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Johnny Mnemonic Gets A Different Story

How It Should Have Started

By Stephanie Van OrmanPublished 2 months ago 5 min read
Johnny Mnemonic Gets A Different Story
Photo by Aideal Hwa on Unsplash

As I am the novelist of six science fiction novels, I feel I can comment on this film and how it is confused. 'Johnny Mnemonic' is about a man who has given up his childhood memories in order to become a walking USB memory stick by storing sensitive information in his brain for travel. *SPOILER ALERT* At the end of the film, he gets his childhood memories back and they're so idealized that one has to wonder if they are real. Balloons? Grass? We haven't seen a blade of grass the entire film with the entire thing taking place in concrete jungles.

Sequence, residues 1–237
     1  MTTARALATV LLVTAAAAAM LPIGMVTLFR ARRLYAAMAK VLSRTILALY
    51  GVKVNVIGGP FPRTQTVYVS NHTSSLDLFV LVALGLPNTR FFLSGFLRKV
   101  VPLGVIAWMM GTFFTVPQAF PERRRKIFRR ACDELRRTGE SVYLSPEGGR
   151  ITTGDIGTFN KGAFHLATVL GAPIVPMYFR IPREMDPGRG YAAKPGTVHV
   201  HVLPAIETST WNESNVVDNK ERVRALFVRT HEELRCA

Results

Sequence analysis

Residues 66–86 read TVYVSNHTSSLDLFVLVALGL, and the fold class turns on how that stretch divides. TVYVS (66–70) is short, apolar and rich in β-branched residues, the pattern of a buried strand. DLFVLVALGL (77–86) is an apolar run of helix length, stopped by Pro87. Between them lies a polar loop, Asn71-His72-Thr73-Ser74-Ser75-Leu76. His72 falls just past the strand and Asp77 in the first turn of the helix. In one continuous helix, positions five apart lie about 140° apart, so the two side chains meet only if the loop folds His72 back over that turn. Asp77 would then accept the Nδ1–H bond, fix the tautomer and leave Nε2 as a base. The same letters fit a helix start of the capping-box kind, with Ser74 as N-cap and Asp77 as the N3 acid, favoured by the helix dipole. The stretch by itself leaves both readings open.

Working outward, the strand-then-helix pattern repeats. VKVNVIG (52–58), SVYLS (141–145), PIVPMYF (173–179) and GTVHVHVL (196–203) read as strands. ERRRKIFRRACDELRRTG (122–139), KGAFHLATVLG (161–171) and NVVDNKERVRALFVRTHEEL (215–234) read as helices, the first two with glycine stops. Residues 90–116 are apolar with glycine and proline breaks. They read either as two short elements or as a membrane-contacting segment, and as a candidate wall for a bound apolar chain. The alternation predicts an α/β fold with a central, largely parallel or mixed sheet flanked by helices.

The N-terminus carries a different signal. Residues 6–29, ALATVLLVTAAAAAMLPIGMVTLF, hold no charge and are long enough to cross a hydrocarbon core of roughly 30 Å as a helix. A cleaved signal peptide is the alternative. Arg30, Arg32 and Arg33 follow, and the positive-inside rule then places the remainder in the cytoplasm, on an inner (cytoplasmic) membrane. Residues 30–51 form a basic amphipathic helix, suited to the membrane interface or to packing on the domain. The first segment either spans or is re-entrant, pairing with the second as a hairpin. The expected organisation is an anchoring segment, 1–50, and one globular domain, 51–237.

The film begins with Johnny waking up. He's mostly naked in bed with a woman in the bathroom. When she comes out of the bathroom, she clearly doesn't know him. Whether she is a one-night stand or a hooker, it is unclear, but either way, she's a woman on the prowl from what she was wearing the night before. The purpose of her character is to establish that Johnny has no memories, doesn't really know who he is, and that he's a desirable sexual partner because they just finished (important plot exposition and information needed to establish Johnny's character). Unfortunately, the encounter makes Johnny look bad. When she leaves, he asks her where she's going and she says she's going for ice. He checks the ice bucket and sees that they have ice. He tells her so, but she's already gone. The act of his telling her that they have ice suggests that he wanted her to stay, but she blows him off so completely that it makes him look like she found him uninteresting both in his dialogue (no memory so he has nothing to talk about) and that he was a boring lay. It's all pretty insulting.